Whether the next President of the United States is red, blue or purple, one of the helicopters in POTUS’s fleet will be made by the aircraft manufacturer Sikorsky, with electrical systems designed by Shelter Island High School Class of 2002 graduate William Theinert.
William is the oldest of the three Theinert brothers; Billy, Joey and Jimbo, sons of Chrystyna Kestler. The boys grew up on Shelter Island and graduated from the Shelter Island School. William’s younger brother, Joseph was killed in action in 2010, while serving in the Army in Afghanistan. James, the youngest of the three, is a teacher of mathematics at the Shelter Island School.
William described going to school on Shelter Island as “A great education, and a wonderful learning experience,” where the size of things suited him well. “I really enjoyed the smallness and closeness.”
His interests then as now, were math and science, and he found plenty of support and encouragement especially in math classes with Carol Andrews, computer classes with Walter Brigham, and Jack Reardon’s shop classes.
By the time he left Shelter Island, he felt ready for the academic demands of college, “There were just more students. Academically, I felt well prepared.” After graduating, he began a West Point training program, but changed course, going to Drexel University in Philadelphia before landing at Stony Brook University, where he graduated with a degree in Electrical Engineering in 2009.
His first engineering job was with Northrup Grumman in Bethpage where he was hired to work on Navy surveillance aircraft. When Northrup Grumman downsized and the job moved to Florida in 2013, William joined the aircraft manufacturer, Sikorsky at their Stratford, Connecticut facility to avoid leaving the Northeast.
With 7,000 employees, and billion dollar contracts, Sikorsky is a leader in air vehicle design. After starting in another part of the company, William was able to join the team working on a new presidential helicopter, a contract that Sikorsky was awarded a decade ago.
The presidential fleet of helicopters includes more than one kind, and the workhorse vehicle that William is working on will replace one that is essentially the same green and white chopper that whisked Richard Nixon from the White House to Andrews Air Force Base after he resigned from office in 1974.
William said his work is very rewarding, and not overly challenging, since it turns out that these aircraft rely primarily on analog circuit technology, rather than digital circuits that are used today in many high-tech applications.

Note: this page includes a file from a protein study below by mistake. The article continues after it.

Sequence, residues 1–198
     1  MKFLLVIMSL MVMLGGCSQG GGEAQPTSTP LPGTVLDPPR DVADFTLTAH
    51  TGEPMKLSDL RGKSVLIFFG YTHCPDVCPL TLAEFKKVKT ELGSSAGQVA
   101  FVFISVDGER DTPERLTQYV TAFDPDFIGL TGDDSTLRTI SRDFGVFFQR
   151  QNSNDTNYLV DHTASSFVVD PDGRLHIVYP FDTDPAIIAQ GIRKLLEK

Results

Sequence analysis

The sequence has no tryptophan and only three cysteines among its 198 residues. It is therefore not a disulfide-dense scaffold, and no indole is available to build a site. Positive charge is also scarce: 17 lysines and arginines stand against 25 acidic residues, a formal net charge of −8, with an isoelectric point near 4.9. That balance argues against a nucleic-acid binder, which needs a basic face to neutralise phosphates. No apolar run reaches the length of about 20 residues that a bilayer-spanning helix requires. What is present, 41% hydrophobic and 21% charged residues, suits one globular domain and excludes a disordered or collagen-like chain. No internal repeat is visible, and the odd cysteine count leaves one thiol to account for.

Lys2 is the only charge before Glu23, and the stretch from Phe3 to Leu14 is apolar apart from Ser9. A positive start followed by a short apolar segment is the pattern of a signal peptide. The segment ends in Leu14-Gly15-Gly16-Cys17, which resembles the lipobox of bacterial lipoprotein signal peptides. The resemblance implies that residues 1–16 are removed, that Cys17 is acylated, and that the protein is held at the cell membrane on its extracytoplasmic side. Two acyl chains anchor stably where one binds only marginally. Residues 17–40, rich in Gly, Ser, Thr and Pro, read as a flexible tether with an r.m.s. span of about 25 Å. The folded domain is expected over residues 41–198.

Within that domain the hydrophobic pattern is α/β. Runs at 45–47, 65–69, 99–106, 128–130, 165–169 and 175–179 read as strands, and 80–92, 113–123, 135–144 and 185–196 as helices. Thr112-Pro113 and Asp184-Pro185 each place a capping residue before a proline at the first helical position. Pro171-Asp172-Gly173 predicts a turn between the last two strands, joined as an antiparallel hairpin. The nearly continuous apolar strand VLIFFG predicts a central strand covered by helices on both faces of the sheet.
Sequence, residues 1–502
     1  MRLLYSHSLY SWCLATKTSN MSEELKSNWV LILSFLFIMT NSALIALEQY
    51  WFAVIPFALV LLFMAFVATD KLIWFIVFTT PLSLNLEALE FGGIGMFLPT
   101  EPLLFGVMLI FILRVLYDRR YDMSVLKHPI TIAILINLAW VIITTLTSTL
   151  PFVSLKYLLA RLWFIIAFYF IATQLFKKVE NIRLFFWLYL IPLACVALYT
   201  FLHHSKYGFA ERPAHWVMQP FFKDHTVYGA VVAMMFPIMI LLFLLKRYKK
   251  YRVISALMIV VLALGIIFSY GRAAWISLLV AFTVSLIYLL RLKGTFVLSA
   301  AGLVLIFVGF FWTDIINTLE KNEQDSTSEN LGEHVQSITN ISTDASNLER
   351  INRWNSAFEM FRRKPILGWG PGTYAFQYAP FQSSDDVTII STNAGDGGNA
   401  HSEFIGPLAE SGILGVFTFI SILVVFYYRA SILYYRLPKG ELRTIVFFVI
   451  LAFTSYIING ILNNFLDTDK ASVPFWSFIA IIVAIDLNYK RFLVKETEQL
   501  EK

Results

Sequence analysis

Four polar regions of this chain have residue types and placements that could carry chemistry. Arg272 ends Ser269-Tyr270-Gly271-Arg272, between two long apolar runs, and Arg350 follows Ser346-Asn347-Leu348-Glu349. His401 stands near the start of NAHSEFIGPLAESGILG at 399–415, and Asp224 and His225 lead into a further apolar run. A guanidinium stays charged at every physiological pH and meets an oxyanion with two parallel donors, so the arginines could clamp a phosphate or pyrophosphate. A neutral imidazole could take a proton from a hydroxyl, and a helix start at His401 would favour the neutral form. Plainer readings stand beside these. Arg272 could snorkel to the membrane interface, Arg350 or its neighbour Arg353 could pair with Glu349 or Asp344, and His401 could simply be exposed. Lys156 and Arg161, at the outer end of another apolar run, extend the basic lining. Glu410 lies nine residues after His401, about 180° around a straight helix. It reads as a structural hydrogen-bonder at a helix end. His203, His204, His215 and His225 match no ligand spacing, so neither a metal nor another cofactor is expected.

“It’s sort of a throwback,” he said. “We still deal with analog circuits. Not too much digital work.”
That doesn’t mean the new aircraft is simple, just that it is a hybrid of analog and digital technology.
“Certain systems are going to be newer and digital,” he said. “Not less than by any means.”
The demands on Marine One are incredibly complex; they need to transport the President quickly and safely, but also to allow for sophisticated and secure communications with leaders of the U.S. military and other world leaders.
The aircraft also needs to get very, very good gas mileage, and have a bathroom.
Much of the project is classified information. “The new one we are making is based on a commercial aircraft,” William said. “I cannot get into the details.” What he can say, is that he is designing the electrical systems for a Presidential helicopter that Sikorsky will deliver in time to take the Leader of the Free World to work in 2022.
For Shelter Island High School students looking for career advice, William has one word – Excel.
“For my area, or any larger business or corporation, Microsoft Excel is used so much more than you can ever imagine,” he said. “No matter what your major is, get really good at Excel. If you figure out how to use the formulas, you can really stand out.”
William learned Excel at Shelter Island High School, and realized just how valuable a skill it could be when his bosses at Sikorsky gave him an assignment that might have taken months — to check 25,000 connections on the aircraft — a task involving numbers and unique characters. He figured out how to apply Excel to the problem, and completed it in four hours.
“They couldn’t believe I finished it so fast,” he said.
Working in a large corporation, changes come often. William said he has worked in several departments at Sikorsky and definitely likes his present assignment best of all.
In 2015, Sikorsky was acquired by Lockheed Martin, and some of the changes that came with new management William likes very much. One is an adjustment to the work schedule that gives employees every other Friday off, a quality of life improvement that is especially welcome to William since he got married in 2016, and he and his wife, Nancy, had their first child, Cooper, on January 3, 2017.
Sikorsky has also started to offer tuition reimbursement for employees who decide to pursue a graduate degree, a policy that encouraged William to go for a Master’s in Electrical Engineering. The birth of his son earlier this year rearranged his schedule a little bit and delayed that plan, but he still makes time to get back across Long Island Sound to Shelter Island every month or two.
But not by helicopter.